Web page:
Emily is Away ❤ goes all out, and rather than just use a pair of characters, Emily is Away ❤ seems to develop a whole social group.  There are at least seven characters that the player can interact with and have conversations with.   

Though Emily is Away ❤ remains stuck with the original game’s one major issue.  Players can’t really “talk” to anyone in the game, rather players can choose from three different messages to decide what their response will be.  Players then will mash the keyboard to pretend to be typing it out or turn on Autotype, but overall it’s not exactly a deep experience. 

However, this is also where Emily is Away ❤ starts to have new issues.  Where the original two titles were limited to just a messenger app with the expectation that you would focus there, Facenook, the in-universe Facebook equivalent, has pages you can flip through on each character.  But also the Facenook Messenger is rather slow, with responses appearing about every twenty or thirty seconds instead of five.   So much of the game is either pretending to type a response, waiting to hit enter, or just waiting for the next message to pop up. 

While Emily is Away ❤ is broken up into five chapters, it was only around the middle of chapter three where I started to struggle with the response speed, and yet there was no way to change it. 

Still, when the messages arrived, Emily is Away ❤ delivers that same intimate feeling the first two titles had, where you feel like you’re able to connect with people through the game, the writing is top-notch and can manipulate people into feeling that this is more than a game, even as it’s a fully scripted experience.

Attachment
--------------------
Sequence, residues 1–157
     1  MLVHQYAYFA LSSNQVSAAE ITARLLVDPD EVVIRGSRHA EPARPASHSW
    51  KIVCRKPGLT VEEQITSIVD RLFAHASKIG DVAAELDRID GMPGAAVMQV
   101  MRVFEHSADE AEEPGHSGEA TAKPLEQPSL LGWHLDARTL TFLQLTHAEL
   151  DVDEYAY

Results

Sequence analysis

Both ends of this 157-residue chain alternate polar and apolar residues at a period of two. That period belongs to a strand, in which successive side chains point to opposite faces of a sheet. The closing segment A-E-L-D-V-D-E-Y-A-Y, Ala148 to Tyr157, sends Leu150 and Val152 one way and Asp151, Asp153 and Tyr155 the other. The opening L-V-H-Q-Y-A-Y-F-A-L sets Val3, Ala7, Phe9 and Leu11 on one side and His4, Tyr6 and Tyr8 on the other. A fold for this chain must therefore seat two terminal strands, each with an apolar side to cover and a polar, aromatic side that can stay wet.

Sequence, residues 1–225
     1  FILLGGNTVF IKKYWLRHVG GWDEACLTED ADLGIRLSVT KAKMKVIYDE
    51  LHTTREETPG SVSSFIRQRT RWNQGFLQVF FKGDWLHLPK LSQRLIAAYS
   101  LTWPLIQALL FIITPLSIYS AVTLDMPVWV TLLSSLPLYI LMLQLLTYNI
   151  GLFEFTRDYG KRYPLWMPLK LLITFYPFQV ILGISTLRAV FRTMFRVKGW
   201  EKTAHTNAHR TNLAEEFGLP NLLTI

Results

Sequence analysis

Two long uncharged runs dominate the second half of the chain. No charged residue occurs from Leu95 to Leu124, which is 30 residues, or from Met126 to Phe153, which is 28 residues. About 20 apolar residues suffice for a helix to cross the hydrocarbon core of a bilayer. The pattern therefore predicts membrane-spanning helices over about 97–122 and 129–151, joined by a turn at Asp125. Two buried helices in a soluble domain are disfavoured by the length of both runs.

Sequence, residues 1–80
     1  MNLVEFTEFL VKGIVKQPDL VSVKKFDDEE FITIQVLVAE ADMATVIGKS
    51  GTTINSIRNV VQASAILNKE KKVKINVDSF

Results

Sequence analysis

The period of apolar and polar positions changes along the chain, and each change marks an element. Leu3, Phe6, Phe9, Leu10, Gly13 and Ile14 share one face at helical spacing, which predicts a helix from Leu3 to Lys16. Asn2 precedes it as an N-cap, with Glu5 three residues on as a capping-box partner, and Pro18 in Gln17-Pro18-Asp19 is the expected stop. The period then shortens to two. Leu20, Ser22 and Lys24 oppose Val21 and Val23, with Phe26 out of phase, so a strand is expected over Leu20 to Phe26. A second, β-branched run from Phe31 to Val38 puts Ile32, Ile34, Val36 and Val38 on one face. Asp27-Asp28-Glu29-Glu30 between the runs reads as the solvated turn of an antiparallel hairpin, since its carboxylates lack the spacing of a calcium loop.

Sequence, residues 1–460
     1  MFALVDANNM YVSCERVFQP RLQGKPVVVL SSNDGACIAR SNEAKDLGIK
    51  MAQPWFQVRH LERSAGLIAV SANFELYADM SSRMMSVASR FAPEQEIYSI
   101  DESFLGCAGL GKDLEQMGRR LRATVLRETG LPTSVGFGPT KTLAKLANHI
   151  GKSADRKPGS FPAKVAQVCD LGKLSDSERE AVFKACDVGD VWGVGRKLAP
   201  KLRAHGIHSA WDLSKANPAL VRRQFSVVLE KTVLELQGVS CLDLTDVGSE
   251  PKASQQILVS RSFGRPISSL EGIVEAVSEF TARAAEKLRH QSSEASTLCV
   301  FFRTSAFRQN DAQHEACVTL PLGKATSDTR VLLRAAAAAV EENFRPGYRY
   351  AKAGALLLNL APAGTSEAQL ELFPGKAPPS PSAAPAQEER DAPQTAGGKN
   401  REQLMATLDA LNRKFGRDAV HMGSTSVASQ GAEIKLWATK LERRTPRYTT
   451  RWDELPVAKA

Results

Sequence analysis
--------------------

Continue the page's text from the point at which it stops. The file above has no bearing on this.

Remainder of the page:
The intimacy though leads to the second major issue with Emily is Away <3.  Ultimately this is a story-driven game, and while players will want to ‘win’ the game and earn the best ending, potentially wanting a deeper more meaningful relationship with their chosen paramour… that’s not to be. 

There are multiple endings possible in Emily is Away <3, however, a “best” ending isn’t available from the start of the game.  According to sources online, players will have to complete one playthrough and then attempt a second playthrough of the opposite character due to a choice between Emily and Evelyn still existing in this title. 

The issue is that this comes after approximately 4 hours, and if players choose to chase the other character, they’re in for around the same length of time.  That long twenty-second delay between messages seems to be permanently forced on players, and suddenly there’s less reason to explore Facenook even with some new characters becoming available.